Tom King’s recently wrote in Radio World, “Owners Are Investing in ihe Future of AM” (Aug. 15).
As an owner of a small AM station, I have jumped right in there, and for the past seven years, I have been playing a music format called “hot adult contemporary.” It’s all of “today’s best hits.” And I have found that this format works for us.
I have enjoyed the success of some listeners coming back to AM when they find us — people in the highly coveted age demographic of 19–45.
I am the one of the few “AM owners” noted in the article who dares to be different. During the morning commute, we still have a live DJ, traffic reports, two and a half minutes of local news each hour … but we are playing a music that most people consider to be FM format only.
A survey we completed found that “local & national news/talk/sports” formats are going out the door on AM, moving to FM in our area.
I feel that AM does not have to take a back seat and gear itself toward stereotypical content for people age 60 and up. (For example, filling broadcast time with total back-to-back religious programs, boring talk formats or nostalgic music/oldies.) We found we can play the current popular hits for young and middle-aged adults, and it can sound good.
Artists like Katy Perry sound just as good on AM as she does on FM, if the owner/operator uses the latest technology, solid-state transmitters, up-to-date processing and wide-band antenna systems, like the folded unipole we use on a large, self-supporting tower.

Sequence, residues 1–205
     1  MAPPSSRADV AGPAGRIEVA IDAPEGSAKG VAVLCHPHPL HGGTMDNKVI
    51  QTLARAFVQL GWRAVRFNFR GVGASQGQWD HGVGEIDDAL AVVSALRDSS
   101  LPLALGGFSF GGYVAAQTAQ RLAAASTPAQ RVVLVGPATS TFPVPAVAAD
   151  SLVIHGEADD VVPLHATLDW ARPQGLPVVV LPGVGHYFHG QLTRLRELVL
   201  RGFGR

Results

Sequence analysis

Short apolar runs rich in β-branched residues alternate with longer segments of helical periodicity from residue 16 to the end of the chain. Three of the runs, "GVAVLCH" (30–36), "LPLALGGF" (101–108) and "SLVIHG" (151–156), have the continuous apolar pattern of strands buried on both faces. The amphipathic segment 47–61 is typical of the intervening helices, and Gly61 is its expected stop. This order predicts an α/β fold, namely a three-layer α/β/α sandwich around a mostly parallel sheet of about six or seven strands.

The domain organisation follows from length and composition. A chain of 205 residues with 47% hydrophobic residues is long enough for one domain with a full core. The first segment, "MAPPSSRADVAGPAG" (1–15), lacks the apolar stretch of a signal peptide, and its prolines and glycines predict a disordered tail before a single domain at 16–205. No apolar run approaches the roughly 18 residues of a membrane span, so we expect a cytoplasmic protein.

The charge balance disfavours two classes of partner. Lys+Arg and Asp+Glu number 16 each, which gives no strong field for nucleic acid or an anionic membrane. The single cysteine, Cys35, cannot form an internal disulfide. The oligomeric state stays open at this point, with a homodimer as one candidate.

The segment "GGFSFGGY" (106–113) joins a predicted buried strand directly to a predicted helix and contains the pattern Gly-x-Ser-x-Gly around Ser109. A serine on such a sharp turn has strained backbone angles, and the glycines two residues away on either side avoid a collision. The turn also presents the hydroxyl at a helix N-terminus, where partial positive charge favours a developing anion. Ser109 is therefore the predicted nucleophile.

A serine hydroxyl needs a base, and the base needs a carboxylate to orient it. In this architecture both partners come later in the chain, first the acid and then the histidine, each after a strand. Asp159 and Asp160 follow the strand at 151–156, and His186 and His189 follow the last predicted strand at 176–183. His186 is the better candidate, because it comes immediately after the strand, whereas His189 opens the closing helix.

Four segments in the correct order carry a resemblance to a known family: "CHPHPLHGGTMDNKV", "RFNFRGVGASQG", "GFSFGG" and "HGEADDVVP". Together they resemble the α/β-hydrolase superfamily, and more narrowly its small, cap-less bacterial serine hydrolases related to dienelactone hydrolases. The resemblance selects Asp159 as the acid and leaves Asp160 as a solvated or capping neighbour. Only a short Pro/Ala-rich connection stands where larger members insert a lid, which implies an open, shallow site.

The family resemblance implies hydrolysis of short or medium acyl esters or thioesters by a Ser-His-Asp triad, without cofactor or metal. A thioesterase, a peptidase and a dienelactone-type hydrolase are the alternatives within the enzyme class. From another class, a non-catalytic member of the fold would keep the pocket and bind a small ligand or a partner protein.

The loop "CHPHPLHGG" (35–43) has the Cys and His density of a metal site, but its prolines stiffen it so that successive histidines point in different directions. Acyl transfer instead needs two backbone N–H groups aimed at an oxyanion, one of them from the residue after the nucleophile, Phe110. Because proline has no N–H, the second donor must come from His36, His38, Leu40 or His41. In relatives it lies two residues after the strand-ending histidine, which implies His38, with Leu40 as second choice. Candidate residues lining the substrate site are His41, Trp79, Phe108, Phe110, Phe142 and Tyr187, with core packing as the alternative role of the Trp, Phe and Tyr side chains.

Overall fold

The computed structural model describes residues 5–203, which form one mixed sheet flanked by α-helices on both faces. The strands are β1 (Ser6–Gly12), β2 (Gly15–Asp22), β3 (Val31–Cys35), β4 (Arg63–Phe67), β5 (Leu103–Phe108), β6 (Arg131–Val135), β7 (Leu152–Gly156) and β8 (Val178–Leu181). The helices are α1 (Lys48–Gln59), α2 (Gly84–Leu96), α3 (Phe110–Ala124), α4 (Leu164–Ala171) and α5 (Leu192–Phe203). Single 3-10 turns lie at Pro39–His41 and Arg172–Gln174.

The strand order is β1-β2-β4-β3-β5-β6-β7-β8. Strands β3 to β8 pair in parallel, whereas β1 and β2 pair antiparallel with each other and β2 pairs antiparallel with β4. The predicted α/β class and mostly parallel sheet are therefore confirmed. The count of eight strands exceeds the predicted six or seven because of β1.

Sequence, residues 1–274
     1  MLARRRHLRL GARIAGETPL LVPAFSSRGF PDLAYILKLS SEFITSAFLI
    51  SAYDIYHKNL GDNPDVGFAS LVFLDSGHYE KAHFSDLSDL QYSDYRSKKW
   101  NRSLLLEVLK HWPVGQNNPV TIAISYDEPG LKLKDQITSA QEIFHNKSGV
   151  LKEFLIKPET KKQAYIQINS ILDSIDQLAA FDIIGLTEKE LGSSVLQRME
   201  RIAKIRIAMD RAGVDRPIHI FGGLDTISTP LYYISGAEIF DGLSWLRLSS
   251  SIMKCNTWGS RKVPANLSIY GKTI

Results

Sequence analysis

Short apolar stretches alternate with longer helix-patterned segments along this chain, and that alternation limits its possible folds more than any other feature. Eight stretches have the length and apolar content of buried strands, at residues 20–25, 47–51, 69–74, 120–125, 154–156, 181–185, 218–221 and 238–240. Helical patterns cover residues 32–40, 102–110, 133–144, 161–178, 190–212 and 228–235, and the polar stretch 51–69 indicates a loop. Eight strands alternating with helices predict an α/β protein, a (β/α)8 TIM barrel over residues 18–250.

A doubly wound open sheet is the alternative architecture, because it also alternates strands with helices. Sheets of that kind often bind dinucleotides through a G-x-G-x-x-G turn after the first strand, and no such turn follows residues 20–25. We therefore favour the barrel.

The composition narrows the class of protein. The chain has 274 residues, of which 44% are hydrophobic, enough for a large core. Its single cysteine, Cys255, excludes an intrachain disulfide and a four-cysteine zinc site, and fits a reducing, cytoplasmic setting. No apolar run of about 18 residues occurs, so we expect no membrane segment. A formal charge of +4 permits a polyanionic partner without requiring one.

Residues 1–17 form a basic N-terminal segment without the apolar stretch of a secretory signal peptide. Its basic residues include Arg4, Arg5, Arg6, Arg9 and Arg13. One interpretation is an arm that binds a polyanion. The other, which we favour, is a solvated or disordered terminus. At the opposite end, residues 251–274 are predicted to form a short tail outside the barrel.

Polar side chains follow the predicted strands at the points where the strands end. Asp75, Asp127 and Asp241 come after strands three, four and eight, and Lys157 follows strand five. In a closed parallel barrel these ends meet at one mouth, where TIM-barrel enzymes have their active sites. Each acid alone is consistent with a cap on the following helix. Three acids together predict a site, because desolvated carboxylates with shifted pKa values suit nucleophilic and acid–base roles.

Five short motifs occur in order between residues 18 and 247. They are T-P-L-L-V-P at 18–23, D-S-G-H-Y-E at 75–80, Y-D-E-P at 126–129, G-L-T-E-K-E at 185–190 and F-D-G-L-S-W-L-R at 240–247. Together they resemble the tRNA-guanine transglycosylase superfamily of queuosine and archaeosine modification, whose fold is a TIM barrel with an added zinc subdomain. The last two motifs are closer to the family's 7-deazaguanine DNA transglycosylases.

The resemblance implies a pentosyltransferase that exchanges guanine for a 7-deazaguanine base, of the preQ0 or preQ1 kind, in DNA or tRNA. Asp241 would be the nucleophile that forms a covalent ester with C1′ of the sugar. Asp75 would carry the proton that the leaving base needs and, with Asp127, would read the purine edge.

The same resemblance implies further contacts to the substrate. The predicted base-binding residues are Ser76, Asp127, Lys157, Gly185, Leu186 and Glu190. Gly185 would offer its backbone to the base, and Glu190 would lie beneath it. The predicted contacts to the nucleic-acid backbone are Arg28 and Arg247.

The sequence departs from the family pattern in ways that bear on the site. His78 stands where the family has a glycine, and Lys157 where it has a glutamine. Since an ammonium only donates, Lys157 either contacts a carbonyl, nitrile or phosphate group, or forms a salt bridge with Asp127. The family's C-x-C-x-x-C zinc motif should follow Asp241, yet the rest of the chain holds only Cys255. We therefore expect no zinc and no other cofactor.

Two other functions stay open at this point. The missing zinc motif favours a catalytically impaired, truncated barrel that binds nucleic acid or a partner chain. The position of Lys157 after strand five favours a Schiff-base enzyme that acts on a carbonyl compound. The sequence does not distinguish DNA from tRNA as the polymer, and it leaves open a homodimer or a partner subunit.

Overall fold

I have concluded that we don’t need an FM translator to make this suburban, 1,000 watt AM station work. With a population of 30,000 people and growing, we are competing with Nashville’s FM stations in our suburban area and surviving.
Programmers, programming consultants and technology of the ’80s and ’90s — not listeners — killed the quality of AM and made it sound like a CB Radio. Today, they talk like the AM band is dead, yet this is totally untrue.
I would like to thank Tom King of Kintronic for giving us owners of AM stations a positive outlook for the future. And AM will be here to entertain with today’s most contemporary music, and still keep listeners informed on what is going on that is most important to them in this 24/7 world we now live in.
Scott Bailey is president and general manager of WMRO(AM) in Gallatin, Tenn. The station, Magic 1560, is a Cumulus Media affiliate station.